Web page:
Friday, January 30, 2009

A Family Failure

The novel A Family Failure (Orion Press, 1970) by Renate Rasp (translated from the German by Eva Figes) is described by the publisher as "a macabre fable of a son's obedience instilled by educational means where the victim sees himself deprived of his own will for his own good. It is a story that has been acted out many times in recent history, and its unemotional tone shows how far we have accepted that an individual life should be moulded in the service of a higher, abstract ideal that goes unquestioned."

As a junior in high school working as a "page" (student book-shelver) at the Peabody Institute Library in Danvers, Massachusetts, I discovered this book and was drawn to the cover art as well as the description on the fly-leaf which reads: "This story of a human being who is maimed for life by the deliberate attempt to force him to become something he can never become is a thoroughly absorbing tale of great strength and originality." I was so moved by the story that I ordered my own copy of the book (which I still have today) from Lauriet's. As a young adult I identified with the narrator's disfunctional life where, denied personal freedom by a will stronger than his own, he is powerless over taking control of his own destiny.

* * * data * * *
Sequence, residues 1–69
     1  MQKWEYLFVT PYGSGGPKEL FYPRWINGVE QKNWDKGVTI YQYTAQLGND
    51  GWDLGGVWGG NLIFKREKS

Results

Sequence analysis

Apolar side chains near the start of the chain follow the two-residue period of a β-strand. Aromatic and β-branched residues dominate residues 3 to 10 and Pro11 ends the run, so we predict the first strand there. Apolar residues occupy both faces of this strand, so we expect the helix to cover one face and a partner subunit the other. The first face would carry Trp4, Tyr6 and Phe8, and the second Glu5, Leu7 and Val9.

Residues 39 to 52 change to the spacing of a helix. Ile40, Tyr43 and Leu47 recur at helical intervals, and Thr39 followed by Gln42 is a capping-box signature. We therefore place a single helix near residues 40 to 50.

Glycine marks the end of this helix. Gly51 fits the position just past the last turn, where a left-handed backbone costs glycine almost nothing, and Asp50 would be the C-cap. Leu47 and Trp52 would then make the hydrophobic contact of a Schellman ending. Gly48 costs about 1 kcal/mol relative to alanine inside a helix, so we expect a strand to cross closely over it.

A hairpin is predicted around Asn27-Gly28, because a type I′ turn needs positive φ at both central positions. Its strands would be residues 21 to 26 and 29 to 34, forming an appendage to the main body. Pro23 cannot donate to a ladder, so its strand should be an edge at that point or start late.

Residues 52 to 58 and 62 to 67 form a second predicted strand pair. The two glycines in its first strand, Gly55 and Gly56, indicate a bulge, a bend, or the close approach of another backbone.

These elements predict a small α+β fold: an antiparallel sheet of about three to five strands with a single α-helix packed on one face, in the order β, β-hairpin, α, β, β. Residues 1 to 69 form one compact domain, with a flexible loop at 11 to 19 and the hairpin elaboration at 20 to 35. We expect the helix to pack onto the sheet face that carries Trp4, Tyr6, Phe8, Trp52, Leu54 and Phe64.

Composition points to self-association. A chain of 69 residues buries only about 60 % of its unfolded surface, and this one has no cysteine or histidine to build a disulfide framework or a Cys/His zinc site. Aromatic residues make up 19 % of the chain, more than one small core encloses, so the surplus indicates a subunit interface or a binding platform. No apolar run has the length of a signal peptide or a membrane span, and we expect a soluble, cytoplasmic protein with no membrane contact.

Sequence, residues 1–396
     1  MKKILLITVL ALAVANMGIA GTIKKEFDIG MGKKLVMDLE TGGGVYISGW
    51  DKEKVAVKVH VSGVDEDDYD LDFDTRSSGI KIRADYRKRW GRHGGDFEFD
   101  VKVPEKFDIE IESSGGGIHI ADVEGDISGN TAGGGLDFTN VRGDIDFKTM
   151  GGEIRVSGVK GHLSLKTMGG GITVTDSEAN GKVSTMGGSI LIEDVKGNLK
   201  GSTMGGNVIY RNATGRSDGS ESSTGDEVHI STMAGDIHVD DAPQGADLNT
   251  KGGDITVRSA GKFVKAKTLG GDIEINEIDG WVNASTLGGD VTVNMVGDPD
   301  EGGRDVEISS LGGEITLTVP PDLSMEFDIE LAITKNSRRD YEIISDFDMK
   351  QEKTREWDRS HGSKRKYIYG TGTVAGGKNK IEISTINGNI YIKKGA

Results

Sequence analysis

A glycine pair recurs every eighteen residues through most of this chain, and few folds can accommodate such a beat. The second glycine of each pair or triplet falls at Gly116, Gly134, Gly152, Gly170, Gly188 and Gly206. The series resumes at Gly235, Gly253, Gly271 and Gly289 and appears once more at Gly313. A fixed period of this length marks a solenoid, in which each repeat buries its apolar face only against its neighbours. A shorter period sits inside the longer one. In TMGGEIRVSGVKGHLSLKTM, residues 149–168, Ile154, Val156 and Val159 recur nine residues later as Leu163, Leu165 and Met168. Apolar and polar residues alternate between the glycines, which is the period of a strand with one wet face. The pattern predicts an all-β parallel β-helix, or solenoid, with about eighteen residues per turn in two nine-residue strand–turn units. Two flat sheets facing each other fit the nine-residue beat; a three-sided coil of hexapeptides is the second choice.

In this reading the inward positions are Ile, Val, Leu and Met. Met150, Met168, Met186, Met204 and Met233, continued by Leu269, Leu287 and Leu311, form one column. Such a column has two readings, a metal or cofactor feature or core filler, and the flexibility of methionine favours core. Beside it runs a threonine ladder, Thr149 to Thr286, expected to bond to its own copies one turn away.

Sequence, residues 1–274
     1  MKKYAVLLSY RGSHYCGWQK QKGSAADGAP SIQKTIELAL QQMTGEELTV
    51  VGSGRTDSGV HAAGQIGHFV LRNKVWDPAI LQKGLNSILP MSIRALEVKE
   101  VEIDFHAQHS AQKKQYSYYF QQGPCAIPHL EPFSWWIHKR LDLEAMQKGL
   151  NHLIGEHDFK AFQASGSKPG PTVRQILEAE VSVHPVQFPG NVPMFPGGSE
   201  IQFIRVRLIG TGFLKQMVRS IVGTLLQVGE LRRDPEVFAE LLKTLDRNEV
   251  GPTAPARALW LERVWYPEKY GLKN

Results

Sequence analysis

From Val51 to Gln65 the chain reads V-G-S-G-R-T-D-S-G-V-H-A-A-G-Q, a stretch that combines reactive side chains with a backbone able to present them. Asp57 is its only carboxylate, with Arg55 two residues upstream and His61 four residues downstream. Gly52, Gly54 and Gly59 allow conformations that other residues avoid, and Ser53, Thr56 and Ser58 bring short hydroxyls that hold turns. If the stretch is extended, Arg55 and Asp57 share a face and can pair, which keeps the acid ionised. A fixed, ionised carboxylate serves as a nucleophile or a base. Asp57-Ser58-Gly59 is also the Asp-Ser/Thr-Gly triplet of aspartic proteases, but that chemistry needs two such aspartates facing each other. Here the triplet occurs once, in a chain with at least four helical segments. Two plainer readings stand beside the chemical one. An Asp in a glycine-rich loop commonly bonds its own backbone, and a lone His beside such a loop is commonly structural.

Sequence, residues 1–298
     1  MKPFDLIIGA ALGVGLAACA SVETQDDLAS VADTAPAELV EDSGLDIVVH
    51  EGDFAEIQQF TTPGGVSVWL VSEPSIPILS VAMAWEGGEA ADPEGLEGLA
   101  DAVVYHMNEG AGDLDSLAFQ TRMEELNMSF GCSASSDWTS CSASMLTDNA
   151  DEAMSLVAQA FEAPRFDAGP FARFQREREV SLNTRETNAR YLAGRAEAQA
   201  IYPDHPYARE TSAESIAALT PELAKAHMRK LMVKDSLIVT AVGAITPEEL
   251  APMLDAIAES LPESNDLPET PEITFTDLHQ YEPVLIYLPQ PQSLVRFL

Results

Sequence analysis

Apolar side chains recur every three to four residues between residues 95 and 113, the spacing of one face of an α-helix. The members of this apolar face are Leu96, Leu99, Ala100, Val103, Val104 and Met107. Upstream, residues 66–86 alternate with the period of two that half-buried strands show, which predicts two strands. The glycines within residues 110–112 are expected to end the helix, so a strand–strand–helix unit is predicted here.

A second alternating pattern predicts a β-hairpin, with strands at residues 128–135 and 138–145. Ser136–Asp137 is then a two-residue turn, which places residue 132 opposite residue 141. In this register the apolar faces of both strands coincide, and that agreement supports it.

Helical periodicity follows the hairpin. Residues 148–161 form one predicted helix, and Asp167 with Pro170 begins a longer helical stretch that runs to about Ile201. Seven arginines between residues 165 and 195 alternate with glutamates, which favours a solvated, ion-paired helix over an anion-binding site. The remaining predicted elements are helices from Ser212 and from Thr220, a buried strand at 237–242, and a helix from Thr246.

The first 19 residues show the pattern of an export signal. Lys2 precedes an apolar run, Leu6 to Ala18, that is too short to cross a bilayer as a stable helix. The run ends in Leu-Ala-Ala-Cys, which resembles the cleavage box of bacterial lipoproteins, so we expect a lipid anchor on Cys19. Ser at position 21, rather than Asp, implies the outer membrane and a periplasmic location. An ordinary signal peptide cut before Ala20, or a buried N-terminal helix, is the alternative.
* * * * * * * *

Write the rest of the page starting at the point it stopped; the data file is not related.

There are two reviews of the novel on Amazon. One review reads, in part: "The book works on two levels. On the one hand, it is the most realistic portrayal of a family suffering under the domination of a psychologically abusive and controlling patriarch that I have ever encountered and, on the other, it is a brilliant allegory illustrating the very real damage done to children whose parents refuse to accept them as they are and try to force them to be something they are not."

1 comment:

self taught artist said...

sounds like a book to get for sure, hope our library doles it out :)